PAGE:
This statement is my own and does not constitute an endorsement by or opinion of the Department of Defense. Sanford Sheaks, Booz Allen Hamilton Contractor, US Army Counterinsurgency Center.

Mr. Chandrasekaran's observation in the last paragraph is very interesting. He states that we helped impose upon Afghanistan a highly centralized government that we ourselves don't have, and they would have been better off with something like what we actually have.

I think what happened was that the inside the beltway power elites burdened Afghanistan with a government they WISH we had. They don't much like the decentralized system we have where the flyover people can often ignore what their betters in DC think is best. They figure things would run so much better if they could hire and fire local police chiefs. So when the opportunity came to make something in Afghanistan they helped make something that they WANTED, not something that we had. A very narrow segment of our political class imposed their political preference upon the country regardless of the local situation and regardless of what we actually do here. A bunch of high school sophomores, with Ivy League degrees, ran a good government workshop using a real country and real people, but they don't have to live with the consequences.


Tue, 07/03/2012 - 1:02pm

It sounds like the book offers a great contribution to the understanding of the Afghan War and how we got it wrong in so many ways.

I have to take issue with one thing, however. Rajiv states, "But as we all know, the United States took its eye off of Afghanistan soon after the war began to shift its focus to the invasion of Iraq." I'm sorry but this is excuse making and I'm so tired of it. LTG(r) Sanchez and his ilk, who proffer excuse after excuse to hide their own inadequacies as leaders, make me sick. After the US started focusing on Iraq, who were the mini-Sanchez's running the show in Afghanistan? Who were the men who couldn't get it done and who probably spent more time cataloging the many reasons (excuses) for their failures rather than doggedly achieving victory against great odds?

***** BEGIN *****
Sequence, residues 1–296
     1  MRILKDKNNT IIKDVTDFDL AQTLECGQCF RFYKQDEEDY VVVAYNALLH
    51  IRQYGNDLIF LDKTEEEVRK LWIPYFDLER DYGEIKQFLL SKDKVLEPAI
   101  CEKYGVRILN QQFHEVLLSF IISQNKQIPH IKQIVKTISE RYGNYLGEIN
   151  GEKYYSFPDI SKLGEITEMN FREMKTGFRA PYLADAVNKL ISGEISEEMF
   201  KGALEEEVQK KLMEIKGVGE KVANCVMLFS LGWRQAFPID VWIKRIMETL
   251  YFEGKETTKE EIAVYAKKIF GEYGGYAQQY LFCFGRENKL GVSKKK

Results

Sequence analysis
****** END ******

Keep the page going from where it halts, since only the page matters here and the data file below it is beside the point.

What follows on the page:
Bill Slim led to victory the under-resourced rump of an Army stretched across the globe. No excuses. I'm sure some revisionist will tell me that Bill Slim has been reevaluated and is now seen less admirably. Baloney. Stop working to drag down true heroes, while writing apologias for the losers. Let victory be the only gauge for success.